Additionally, a material adverse effect carve-out could be drafted to include in its definition of material adverse effect a significant change in the value or trading volume of the relevant cryptocurrency. The parties may also wish to have the ability to terminate the deal completely, which can be accomplished by including the same language in a termination provision.
Further, the parties should consider how the cryptocurrency used as payment would be handled by the seller post-closing. The seller could either keep the cryptocurrency as a store of value or immediately exchange it for fiat currency to avoid the price volatility of cryptocurrency. In any event, sellers should consider the additional obligations, including additional reporting requirements, should they choose to hold onto the cryptocurrency. The transaction document (or a separate agreement agreed to by the parties) should set forth the applicable post-closing conversion to fiat currency should the seller choose this option.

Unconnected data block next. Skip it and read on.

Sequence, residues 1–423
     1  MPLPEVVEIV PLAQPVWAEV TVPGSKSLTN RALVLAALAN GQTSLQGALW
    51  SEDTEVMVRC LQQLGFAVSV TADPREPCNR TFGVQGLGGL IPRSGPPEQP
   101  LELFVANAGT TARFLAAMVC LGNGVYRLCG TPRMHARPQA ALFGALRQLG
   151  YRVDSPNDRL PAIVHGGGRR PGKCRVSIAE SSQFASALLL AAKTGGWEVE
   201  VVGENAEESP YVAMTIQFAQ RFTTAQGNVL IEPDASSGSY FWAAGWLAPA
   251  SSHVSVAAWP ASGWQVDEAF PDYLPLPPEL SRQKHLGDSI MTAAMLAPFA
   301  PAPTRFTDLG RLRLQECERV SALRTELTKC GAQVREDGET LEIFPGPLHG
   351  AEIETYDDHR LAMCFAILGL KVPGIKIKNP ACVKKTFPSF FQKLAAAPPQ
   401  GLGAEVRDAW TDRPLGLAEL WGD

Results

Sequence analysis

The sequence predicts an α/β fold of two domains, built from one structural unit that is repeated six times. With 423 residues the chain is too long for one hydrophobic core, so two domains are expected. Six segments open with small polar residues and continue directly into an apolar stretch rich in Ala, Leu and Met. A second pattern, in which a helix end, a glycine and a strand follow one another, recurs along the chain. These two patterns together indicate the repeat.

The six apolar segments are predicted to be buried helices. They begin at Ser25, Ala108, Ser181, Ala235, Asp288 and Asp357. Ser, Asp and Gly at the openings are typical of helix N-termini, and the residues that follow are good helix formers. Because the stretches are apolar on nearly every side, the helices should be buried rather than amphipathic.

Lastly, M&A sellers’ attorneys should consider including a lockup provision in the main transaction document. A lockup provision is most often used in deals involving public companies and securities offerings to prohibit immediate sales of securities following an offering in order to prevent market disruption. In cryptocurrency M&A deals, however, a lockup provision could be employed to prohibit the buyer from trading or otherwise disposing of the cryptocurrencies with which the parties intend to fund the deal. This would give sellers additional protection since buyers would not be able to risk transaction funds on any cryptocurrency exchanges or other potential transactions, which helps preserve the purchase price.
- Due Diligence